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The Hamlet Question Returns: Is Donald Trump Merely Playing Crazy Or. . .?

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Playing crazy can get you far in diplomacy, but is Trump really ‘playing’ it?

It is a sign of times we live in that at least one student of geostrategy recently found himself contemplating, in tandem, game theory, minutiae from Cold-War history, and Hamlet. This was not a simple and idle exercise in “interdisciplinary thinking” – whatever that means. Rather, the reason to revisit that depressive prince from Denmark during working hours was to find suitable analogies for the behaviour of – you guessed it – Donald J. Trump.

The context was this. Soon after being elected, Trump spoke to the President of Taiwan, Tsai Ing-wen, in a major break with US diplomatic practice since Richard Nixon reached out to Beijing in 1972. The American 'One-China' policy – which recognizes the People's Republic as the sole international voice of China – was to become a bargaining chip in the hands of the dealmaker extraordinaire, pundits speculated. The thinking went something like this. By publicly questioning the efficacy of this policy in securing good behaviour from PRC, Trump would gain an upper hand in any future give-and-take with that country. But just as abruptly, in a phone call with Xi Jinping a couple of weeks ago, Trump reaffirmed the US commitment to its 'One-China' policy.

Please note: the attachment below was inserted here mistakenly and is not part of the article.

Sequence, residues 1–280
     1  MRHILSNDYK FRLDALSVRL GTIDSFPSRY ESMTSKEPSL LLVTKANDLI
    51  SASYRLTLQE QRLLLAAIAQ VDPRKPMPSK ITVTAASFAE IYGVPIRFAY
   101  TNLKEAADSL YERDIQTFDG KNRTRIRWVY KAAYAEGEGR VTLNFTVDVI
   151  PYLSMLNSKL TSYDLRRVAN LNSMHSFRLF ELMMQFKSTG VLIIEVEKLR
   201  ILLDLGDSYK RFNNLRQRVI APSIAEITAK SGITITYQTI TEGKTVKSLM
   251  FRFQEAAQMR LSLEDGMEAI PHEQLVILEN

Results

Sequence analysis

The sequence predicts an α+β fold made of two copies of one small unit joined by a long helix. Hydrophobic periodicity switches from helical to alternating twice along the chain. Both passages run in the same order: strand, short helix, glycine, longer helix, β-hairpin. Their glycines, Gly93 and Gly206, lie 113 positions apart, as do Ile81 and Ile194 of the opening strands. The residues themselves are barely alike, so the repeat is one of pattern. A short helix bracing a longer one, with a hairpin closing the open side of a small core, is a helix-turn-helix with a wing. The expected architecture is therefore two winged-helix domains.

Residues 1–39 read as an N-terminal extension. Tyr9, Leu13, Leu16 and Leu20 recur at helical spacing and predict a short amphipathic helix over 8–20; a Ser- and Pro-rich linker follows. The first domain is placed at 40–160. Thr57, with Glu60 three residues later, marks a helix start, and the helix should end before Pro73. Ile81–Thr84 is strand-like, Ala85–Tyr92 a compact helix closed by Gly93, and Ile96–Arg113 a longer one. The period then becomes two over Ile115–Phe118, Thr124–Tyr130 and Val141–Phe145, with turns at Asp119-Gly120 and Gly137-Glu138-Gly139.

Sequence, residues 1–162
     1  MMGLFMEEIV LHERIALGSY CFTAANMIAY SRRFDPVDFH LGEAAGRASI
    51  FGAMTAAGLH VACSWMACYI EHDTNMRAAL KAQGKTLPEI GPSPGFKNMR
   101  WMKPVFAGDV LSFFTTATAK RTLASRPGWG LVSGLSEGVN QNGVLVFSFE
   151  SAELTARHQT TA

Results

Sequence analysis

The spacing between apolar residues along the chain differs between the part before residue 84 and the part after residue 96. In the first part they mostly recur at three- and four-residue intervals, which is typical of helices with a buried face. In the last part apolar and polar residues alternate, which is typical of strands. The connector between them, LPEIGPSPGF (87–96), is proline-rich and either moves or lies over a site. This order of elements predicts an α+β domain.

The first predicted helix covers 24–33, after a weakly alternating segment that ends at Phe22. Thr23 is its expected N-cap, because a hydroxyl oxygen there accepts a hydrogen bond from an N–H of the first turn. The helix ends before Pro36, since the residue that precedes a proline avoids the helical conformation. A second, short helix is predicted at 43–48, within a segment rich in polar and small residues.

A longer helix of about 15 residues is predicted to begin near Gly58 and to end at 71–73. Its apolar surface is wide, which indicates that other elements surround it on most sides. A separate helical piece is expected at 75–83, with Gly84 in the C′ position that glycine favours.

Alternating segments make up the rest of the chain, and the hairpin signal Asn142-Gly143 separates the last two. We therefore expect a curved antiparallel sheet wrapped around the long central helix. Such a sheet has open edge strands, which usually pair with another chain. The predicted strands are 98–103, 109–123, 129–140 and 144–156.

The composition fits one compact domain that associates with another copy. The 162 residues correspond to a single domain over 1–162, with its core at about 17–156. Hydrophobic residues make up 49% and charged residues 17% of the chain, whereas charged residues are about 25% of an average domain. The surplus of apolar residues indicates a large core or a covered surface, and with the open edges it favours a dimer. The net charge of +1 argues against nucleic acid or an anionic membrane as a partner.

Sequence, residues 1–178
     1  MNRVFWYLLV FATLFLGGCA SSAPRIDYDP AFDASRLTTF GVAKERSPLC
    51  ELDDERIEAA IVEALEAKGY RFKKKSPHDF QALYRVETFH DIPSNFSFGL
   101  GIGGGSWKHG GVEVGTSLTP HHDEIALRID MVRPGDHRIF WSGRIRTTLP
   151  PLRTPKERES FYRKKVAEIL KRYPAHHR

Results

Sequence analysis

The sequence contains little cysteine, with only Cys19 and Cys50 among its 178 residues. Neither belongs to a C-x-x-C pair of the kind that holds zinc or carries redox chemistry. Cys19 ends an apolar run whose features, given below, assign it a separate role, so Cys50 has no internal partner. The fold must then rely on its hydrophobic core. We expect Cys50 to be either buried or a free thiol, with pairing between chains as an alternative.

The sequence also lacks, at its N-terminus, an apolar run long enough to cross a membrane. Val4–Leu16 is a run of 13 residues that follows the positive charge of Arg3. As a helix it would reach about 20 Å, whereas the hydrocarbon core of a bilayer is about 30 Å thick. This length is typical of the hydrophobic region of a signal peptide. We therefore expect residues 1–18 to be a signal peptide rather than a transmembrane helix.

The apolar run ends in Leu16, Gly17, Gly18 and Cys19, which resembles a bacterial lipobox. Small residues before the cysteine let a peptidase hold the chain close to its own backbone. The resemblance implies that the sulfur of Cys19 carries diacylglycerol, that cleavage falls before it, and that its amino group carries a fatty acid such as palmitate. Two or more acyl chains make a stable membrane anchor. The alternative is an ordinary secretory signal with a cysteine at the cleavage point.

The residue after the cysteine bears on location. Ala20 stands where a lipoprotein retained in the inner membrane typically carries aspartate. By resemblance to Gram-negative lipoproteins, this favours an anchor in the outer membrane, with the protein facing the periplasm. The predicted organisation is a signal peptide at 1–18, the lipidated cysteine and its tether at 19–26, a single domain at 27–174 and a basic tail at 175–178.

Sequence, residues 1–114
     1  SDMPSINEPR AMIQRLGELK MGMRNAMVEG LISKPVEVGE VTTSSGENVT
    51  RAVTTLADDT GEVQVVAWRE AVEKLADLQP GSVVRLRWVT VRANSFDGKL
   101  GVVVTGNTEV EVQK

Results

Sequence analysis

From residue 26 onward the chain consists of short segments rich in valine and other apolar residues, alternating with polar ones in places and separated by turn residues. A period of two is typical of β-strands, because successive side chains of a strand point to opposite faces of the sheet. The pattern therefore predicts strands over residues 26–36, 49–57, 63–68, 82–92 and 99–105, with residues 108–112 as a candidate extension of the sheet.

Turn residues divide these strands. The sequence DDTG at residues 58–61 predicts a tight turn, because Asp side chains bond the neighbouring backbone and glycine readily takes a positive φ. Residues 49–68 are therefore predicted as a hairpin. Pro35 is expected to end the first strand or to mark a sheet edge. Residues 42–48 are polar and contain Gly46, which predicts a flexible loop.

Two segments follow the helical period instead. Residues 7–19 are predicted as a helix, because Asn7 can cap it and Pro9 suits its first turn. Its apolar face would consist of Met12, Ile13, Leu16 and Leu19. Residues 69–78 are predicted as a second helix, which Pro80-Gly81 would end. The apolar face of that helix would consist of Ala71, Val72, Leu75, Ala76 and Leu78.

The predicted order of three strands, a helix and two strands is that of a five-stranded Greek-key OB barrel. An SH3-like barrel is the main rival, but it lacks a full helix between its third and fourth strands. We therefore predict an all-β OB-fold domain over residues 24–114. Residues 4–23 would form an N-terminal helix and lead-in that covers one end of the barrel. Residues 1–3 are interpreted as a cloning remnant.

So what gives? Is this Trump finally learning from his sober Secretary of State Rex Tillerson that impulsive behaviour may not be the best card to play when it comes to negotiating with an increasingly prickly China? Or is this yet another example of Trump fashioning himself as a Richard Nixon-style madman whose unpredictability – along with willingness to go to any extreme – is a strategic asset?

Dramatic change in leadership style often makes pundits rummage through the dark alleys of history for analogies of behaviour. Soon after Trump's election, many foreign-policy scholars saw glimpses of Richard Nixon in Trump. Like Trump, Nixon too had a penchant for springing surprises, relied on a small coterie of experts, and was instinctively suspicious of D.C. elites. (The analogies, however, end here. Nixon’s NSA, Henry Kissinger, went on to become his Secretary of State, and a darling of the American media and public. Trump’s NSA, Michael Flynn, resigned after a month in office, and is now a focus of a wide-ranging investigation on his links with Russian intelligence.)